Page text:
The battered and bruised quarterback laid on the turf of the Pontiac Silverdome, dropped for yet another “sack”—that word coined by Deacon Jones, who unofficially probably had more of them than any lineman in pro football history.

The boos rained down as the quarterback sat up, on his fanny, legs extended, his helmet askew. It looked like he was contemplating whether to get up for another huddle.

You couldn’t blame him.

The Lions’ porous offensive line was getting its quarterback killed.

It’s said that the most popular quarterback on the team is the guy who’s not playing. Unless your team is blessed to have Brady, Rodgers or Wilson.

Before that, Unitas, Montana, Starr, Staubach, Bradshaw.

Otherwise, the backup with the pristine uniform, holding the clipboard, is the fans’ darling.

Until he, too, ends up flat on his back, or starts tossing wobbly passes to the other team.

Greg Landry was that mystified Lions quarterback lying on the Silverdome turf. This was in 1978.

Landry was in his 11th year as Lions signal caller, and every year between 1968-75, it was all Landry could do to stave off Bill Munson for the starter’s job.

Munson, most of the time, posed a greater threat to Landry’s job security than anything else.

But in ’78, Munson was long gone and Landry was the unquestioned starter.

Until he got sacked once too often.

Landry wasn’t immobile. In his prime, Greg Landry was often times the Lions’ leading rusher for the afternoon. Once, in 1970, Landry turned a quarterback draw into a 76-yard gallop—still the longest run by a Lions QB in franchise history.

But by 1978, Landry had lost some of that elusiveness, and thus he was easier fodder for the unfettered pass rushers from the opposing team.

The Lions’ O-line was a shambles.

But the boos rained down, and the target of the fans’ ire seemed to be Greg Landry.

They wanted the guy who was standing on the sidelines with the clipboard. The same old refrain.

Gary Danielson was a World Football League survivor and a graduate of Divine Child High School in Dearborn. He took his talents to Purdue University before bouncing around in pro football’s back alleys.

Danielson ended up with the Lions in 1976 and he watched from the sidelines as Landry got the snot beat out of him.

Landry was no stranger to the snot beatings. In 1975, on Monday Night Football, in the first regular season game ever played at the (then) Pontiac Metropolitan Stadium, Landry was sacked 11 times—eleven—by the Dallas Cowboys.

The fans basically booed Greg Landry out of Detroit/Pontiac.

They wanted the no-name Gary Danielson.

Danielson had a fine game against the Minnesota Vikings late in the 1978 season. He threw for five touchdowns in a 45-14 thumping of the Purple People Eaters.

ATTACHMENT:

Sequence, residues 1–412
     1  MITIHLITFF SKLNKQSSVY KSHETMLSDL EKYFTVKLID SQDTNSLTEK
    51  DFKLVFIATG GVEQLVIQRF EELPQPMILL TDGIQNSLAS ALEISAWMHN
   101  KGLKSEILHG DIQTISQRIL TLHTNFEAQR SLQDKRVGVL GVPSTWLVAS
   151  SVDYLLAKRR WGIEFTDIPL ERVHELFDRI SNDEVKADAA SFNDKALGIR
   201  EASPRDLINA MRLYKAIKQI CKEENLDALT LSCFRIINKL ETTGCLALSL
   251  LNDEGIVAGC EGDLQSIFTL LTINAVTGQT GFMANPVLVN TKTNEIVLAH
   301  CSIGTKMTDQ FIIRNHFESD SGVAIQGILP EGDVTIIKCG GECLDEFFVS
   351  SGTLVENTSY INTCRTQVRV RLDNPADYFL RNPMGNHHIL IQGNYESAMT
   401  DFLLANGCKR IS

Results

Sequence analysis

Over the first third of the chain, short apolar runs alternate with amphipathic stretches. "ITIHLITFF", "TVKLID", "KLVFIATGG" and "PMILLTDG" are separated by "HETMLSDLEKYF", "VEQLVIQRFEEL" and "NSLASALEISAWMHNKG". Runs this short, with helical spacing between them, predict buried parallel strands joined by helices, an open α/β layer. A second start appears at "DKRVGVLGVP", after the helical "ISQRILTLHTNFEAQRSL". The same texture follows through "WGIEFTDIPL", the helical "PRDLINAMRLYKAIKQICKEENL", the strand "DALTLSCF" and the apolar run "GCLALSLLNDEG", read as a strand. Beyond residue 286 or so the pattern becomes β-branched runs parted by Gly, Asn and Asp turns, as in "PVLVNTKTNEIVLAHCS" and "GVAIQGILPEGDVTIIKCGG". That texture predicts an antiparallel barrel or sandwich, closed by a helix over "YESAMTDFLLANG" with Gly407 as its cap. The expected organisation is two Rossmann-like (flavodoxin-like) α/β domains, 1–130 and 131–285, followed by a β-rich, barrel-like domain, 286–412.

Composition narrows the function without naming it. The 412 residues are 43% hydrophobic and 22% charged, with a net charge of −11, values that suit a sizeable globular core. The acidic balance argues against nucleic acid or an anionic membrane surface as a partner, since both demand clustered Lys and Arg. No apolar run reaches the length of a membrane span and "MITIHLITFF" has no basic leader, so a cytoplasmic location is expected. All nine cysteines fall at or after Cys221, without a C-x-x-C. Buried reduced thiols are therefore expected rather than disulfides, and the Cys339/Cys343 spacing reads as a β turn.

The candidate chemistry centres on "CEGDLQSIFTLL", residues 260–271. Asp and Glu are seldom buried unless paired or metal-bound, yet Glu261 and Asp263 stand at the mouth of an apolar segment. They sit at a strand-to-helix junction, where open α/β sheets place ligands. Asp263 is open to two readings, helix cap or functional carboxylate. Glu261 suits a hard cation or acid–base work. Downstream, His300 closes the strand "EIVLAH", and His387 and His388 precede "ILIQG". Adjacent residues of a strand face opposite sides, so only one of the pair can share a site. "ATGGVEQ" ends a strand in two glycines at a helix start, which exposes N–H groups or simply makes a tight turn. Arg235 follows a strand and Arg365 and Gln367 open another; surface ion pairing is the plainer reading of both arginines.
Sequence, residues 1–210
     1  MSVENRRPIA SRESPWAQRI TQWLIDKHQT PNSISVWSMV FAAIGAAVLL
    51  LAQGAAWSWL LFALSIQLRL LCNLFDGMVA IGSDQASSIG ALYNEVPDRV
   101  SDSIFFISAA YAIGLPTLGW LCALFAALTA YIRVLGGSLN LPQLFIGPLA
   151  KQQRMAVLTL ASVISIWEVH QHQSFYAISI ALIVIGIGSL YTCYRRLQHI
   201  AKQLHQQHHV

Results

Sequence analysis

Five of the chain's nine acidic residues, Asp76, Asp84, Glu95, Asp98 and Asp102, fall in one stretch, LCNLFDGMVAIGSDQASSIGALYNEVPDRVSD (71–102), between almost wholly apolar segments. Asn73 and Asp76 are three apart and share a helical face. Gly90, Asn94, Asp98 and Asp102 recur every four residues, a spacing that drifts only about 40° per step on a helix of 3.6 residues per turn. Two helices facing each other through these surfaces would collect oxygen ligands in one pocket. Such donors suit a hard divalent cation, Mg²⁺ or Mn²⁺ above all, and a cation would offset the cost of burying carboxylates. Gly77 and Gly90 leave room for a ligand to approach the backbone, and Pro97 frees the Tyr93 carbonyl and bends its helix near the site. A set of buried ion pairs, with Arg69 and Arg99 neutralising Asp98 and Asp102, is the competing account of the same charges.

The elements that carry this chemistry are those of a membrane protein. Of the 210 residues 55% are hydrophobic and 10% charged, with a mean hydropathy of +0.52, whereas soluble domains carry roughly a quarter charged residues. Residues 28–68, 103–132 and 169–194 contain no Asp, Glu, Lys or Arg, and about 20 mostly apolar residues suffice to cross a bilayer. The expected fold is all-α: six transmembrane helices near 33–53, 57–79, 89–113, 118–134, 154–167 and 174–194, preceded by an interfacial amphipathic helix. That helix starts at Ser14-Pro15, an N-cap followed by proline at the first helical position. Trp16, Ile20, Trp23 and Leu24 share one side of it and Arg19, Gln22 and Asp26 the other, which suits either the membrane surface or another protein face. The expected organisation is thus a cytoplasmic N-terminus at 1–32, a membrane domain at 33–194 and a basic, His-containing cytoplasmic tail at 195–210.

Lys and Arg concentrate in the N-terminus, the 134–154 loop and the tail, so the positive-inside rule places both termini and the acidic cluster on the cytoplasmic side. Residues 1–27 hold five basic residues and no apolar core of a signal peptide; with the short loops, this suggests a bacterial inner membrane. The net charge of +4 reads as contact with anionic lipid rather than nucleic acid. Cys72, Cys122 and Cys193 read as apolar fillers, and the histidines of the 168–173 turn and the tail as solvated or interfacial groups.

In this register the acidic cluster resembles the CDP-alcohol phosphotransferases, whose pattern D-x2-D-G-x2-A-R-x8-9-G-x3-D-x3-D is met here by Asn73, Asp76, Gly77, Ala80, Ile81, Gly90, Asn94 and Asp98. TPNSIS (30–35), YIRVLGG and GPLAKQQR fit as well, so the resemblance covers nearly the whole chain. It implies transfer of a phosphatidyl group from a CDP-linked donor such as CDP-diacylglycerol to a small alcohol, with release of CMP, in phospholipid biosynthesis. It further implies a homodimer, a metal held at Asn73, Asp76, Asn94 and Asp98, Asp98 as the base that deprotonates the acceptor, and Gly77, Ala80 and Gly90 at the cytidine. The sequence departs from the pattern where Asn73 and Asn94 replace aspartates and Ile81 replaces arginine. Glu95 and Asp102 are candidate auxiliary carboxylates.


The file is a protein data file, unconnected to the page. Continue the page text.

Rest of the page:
The legend of Gary Danielson had been forged!

The following year, in the Lions’ last exhibition tune-up, Danielson was sacked (naturally) and blew out his knee in Baltimore. He was lost for the season.

Two years later, in 1981, Danielson was being booed. The fans wanted another no-name: Eric Hipple.

Hipple had a monster game against the Bears on MNF in 1981, cementing his “legacy.”

Two years later, Danielson had wrested the starting job away from Hipple.

Two years after that—this is 1985 now in case you’ve lost track—Hipple was once again the starter. Except that he was being displaced by newly-acquired veteran Joe Ferguson.

The Lions’ QB carousel, which began almost as soon as Bobby Layne was traded to Pittsburgh in 1958, spun with impunity for 51 years.

Matt Stafford doesn’t ride the carousel. If he does, he’s the only horse on it.

Stafford will enter his eighth year as the Lions’ no. 1 quarterback this fall. After injuries shot down his first two seasons, he’s been as durable as they come.

That durability, however, hasn’t translated into any substantial team success: just two playoff games (both losses, naturally).

Stafford has been booed. He could probably give even Greg Landry a tutorial on being booed. And on being sacked.

Detroit is filled with two kinds of football fans: those who love Stafford and defend him to the death, and those who want to run him out of town, forthwith.

The latter group is nothing that some playoff wins can’t silence.

But with Calvin Johnson gone into retirement, how can Stafford deliver, when he couldn’t do so with Johnson grabbing passes that only Johnson could grab?

Easy. All Matt Stafford has to do, is make everyone around him better.

Not so easy, you say?

Stafford, sans Johnson, will be interesting to see.

You think that the premier quarterbacks of today’s game built their legacies throwing to nothing but Pro Bowl guys and future Hall of Famers?

Last summer, the Green Bay Packers lost Jordy Nelson, their glue-handed receiver, for the season to a knee injury.

The followers of the NFL were aghast.

What will Aaron Rodgers do without Jordy Nelson?

The thought was enough to turn the cheese in Wisconsin, green.

Here’s what happened to the Packers in 2015.

The Pack went out, sans Nelson, and won their first six games.

After a wobbly patch, Rodgers and company picked themselves up and made the playoffs, as so many Rodgers-led teams have done.

Matt Stafford has Golden Tate, Marvin Jones, a shaky tight end and a bunch of pluggers to throw the ball to, in Johnson’s absence.

With apologies to the above mentioned, there’s not a Hall of Famer in the group. Maybe not even a Pro Bowler.

But with this group of receivers, Stafford has to make chicken salad instead of chicken you-know-what.

There are plenty of folks who don’t think Matt Stafford has it in him, to make those around him better.

But if he doesn’t, the Lions are sunk.

I believe that Johnson’s retirement might be the best thing that could have happened to Matt Stafford.

Sometimes when you lose a major weapon, no matter what job you have, it makes you better. Certainly, more diverse.

We’ll see.

 

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